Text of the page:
2023 Commencement speakers announced for Mount Holyoke
Author and scholar Imani Perry, author and professor Lan Cao ’83 and physicist Nancy Welker ’63 will speak to Mount Holyoke College’s newest graduates.
Mount Holyoke College has announced the three speakers and honorary degree recipients who will address the undergraduates, graduate students and certificate recipients of the class of 2023 at its one hundred eighty-sixth Commencement. The ceremony will be held in person on May 21 at 10:30 a.m. at the Field House in the College’s Kendall Sports & Dance Complex.
Author and scholar Imani Perry, author and professor Lan Cao ’83 and physicist Nancy Welker ’63 will speak to Mount Holyoke’s newest graduates. The College will also confer honorary doctorates on all three innovators, who are reshaping the world for the better.
Mount Holyoke Interim President Beverly Daniel Tatum will preside over the ceremony and award degrees to more than 500 bachelor’s and master’s degree graduates.
Imani Perry is an American interdisciplinary scholar of race, law, literature and African American culture. She is the bestselling author of “South to America: A Journey Below the Mason-Dixon to Understand the Soul of a Nation,” which won the 2022 National Book Award for Nonfiction. In it Perry looks at the American South through a historic, personal and anecdotal lens and asserts that if we want to build a more humane future for the United States, we must center our concern below the Mason-Dixon Line.
Perry is also the author of “Looking for Lorraine: The Radiant and Radical Life of Lorraine Hansberry,” winner of the 2019 PEN/Jacqueline Bograd Weld Award for Biography. The biography is a revealing portrait of one of the most gifted and charismatic — yet least understood — Black artists and intellectuals of the twentieth century. She has also published the books “Breathe: A Letter to My Sons,” “Vexy Thing: On Gender and Liberation” and “May We Forever Stand: A History of the Black National Anthem.”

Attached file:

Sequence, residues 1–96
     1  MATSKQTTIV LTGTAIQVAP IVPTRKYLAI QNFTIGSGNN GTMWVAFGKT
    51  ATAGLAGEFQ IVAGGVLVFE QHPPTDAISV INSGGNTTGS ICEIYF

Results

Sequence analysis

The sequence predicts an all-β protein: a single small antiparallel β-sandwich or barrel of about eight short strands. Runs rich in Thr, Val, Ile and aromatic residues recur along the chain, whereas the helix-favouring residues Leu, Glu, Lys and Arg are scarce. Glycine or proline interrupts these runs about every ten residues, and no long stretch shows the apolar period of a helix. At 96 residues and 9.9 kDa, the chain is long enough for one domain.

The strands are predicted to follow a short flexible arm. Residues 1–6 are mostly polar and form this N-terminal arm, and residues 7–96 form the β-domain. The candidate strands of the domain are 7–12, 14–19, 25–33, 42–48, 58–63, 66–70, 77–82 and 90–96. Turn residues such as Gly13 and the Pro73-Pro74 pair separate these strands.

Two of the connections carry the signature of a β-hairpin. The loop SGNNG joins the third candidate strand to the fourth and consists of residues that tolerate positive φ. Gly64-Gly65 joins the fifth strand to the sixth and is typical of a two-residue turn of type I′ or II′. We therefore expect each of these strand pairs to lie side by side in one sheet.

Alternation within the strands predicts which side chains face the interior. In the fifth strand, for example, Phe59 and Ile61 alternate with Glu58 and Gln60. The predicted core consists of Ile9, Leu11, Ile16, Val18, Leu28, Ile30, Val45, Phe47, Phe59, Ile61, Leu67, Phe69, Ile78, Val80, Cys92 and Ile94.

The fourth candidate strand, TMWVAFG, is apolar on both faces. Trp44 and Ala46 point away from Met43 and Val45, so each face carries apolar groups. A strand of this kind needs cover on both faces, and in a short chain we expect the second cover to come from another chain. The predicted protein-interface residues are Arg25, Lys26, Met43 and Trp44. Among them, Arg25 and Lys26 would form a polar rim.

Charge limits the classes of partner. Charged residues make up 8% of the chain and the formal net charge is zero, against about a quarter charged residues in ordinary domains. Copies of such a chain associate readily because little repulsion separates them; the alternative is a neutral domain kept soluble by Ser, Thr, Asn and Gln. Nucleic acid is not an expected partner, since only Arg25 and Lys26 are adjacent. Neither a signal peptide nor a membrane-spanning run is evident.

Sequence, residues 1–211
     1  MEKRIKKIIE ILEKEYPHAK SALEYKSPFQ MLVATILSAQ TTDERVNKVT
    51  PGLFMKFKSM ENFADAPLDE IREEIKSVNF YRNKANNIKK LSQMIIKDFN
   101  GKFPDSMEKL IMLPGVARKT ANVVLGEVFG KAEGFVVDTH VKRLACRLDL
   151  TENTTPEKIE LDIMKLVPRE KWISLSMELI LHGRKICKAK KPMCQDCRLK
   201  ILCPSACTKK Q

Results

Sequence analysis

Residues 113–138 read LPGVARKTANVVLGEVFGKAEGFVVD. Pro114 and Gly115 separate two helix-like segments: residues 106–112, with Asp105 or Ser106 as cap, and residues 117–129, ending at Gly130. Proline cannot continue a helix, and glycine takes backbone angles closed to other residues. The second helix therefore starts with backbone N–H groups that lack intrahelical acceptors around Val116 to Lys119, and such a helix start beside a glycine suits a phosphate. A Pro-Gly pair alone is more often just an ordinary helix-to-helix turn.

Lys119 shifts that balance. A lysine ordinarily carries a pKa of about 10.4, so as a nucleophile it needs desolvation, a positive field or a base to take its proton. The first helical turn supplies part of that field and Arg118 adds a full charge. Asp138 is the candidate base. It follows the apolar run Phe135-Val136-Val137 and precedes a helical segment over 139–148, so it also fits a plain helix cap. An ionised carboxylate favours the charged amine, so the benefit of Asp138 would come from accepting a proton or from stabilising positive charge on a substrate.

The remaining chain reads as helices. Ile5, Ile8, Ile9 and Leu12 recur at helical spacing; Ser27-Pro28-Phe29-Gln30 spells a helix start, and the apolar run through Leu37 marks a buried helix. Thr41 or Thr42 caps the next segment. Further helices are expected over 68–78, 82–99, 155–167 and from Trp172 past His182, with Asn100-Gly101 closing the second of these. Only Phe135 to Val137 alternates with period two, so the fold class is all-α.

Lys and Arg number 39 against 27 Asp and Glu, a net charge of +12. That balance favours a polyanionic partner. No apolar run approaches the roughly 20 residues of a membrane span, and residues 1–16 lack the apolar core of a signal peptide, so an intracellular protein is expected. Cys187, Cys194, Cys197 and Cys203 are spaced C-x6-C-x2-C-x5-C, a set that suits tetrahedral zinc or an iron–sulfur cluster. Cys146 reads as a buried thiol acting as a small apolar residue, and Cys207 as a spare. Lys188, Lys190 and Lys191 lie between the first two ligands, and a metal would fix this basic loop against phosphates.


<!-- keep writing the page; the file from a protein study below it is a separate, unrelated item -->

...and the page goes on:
Perry’s work reflects the complex history of Black thought, art and imagination. Her writing is also informed by her background as a legal historian and her understanding of the racial inequality embedded in American law. She has published numerous articles on law, cultural studies and African American studies. She is currently the Hughes-Rogers Professor of African American Studies at Princeton University and a columnist for the Atlantic.
Lan Cao ’83 is the author of the novels “Monkey Bridge” and “The Lotus and the Storm” and the co-author of the memoir “Family in Six Tones.”
“Monkey Bridge” is the semi-autobiographical story of Mai Nguyen, a Vietnamese girl who was sent to America before Saigon collapsed to live with an American soldier her family befriended. Her mother also managed to escape but, in the chaos of the final hours, left Mai’s father behind. In Northern Virginia both struggle to forge new lives. “The Lotus and the Storm” is set four decades after the Vietnam War in a close-knit refugee community. The lives of Minh and Mai, father and daughter, are haunted by ghosts, secrets and the loss of their country. During the disastrous last days in Saigon, Mai never had a chance to say goodbye to so many people who meant so much to her.
Cao is also a professor of law at the Chapman University School of Law, specializing in international business and trade, international law and development.
Nancy Welker ’63 is a physicist and nationally recognized expert in superconducting. She had a 55-year career at the National Security Agency (NSA), during which she led groundbreaking research in superconducting materials and integrated circuit manufacturing that made it possible to develop a new generation of faster and more powerful computers.
One of Welker’s many major accomplishments was the creation of NSA’s Microelectronics Research Laboratory (MRL) in support of NSA’s groundbreaking integrated circuit fabrication facility, the Special Processing Laboratory (SPL), which produced otherwise commercially unobtainable products for the NSA and other government agencies. She went on to manage the SPL as it produced state-of-the-art complementary metal oxide semiconductor (CMOS) chips in a wide range of designs and configurations. Welker was the first woman appointed as chief of the research and development (R&D) group where she had previously held several key management positions.
Recognition for her work includes the Federal Women’s Program Lifetime Achievement Award in engineering, the Women in Science and Engineering (WISE) Lifetime Achievement Award, the Meritorious Presidential Rank Award and the Exceptional Civilian Service Award. In 2021, Welker was inducted into the Maryland Women’s Hall of Fame.